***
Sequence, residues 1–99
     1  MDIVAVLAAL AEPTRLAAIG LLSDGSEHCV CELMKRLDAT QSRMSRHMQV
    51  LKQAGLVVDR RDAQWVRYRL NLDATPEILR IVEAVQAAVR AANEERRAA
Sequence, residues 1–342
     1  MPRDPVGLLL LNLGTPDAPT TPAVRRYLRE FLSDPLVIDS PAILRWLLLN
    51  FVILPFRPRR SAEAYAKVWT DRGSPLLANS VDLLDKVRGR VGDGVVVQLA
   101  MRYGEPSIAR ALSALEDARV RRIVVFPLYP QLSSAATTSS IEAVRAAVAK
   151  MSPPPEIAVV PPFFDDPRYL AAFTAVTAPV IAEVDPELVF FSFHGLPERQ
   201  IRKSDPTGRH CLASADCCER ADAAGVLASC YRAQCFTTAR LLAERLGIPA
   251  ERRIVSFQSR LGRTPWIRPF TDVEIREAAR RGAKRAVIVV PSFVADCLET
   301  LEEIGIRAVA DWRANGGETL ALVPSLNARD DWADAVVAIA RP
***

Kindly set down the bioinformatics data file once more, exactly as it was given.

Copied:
Sequence, residues 1–99
     1  MDIVAVLAAL AEPTRLAAIG LLSDGSEHCV CELMKRLDAT QSRMSRHMQV
    51  LKQAGLVVDR RDAQWVRYRL NLDATPEILR IVEAVQAAVR AANEERRAA
Sequence, residues 1–342
     1  MPRDPVGLLL LNLGTPDAPT TPAVRRYLRE FLSDPLVIDS PAILRWLLLN
    51  FVILPFRPRR SAEAYAKVWT DRGSPLLANS VDLLDKVRGR VGDGVVVQLA
   101  MRYGEPSIAR ALSALEDARV RRIVVFPLYP QLSSAATTSS IEAVRAAVAK
   151  MSPPPEIAVV PPFFDDPRYL AAFTAVTAPV IAEVDPELVF FSFHGLPERQ
   201  IRKSDPTGRH CLASADCCER ADAAGVLASC YRAQCFTTAR LLAERLGIPA
   251  ERRIVSFQSR LGRTPWIRPF TDVEIREAAR RGAKRAVIVV PSFVADCLET
   301  LEEIGIRAVA DWRANGGETL ALVPSLNARD DWADAVVAIA RP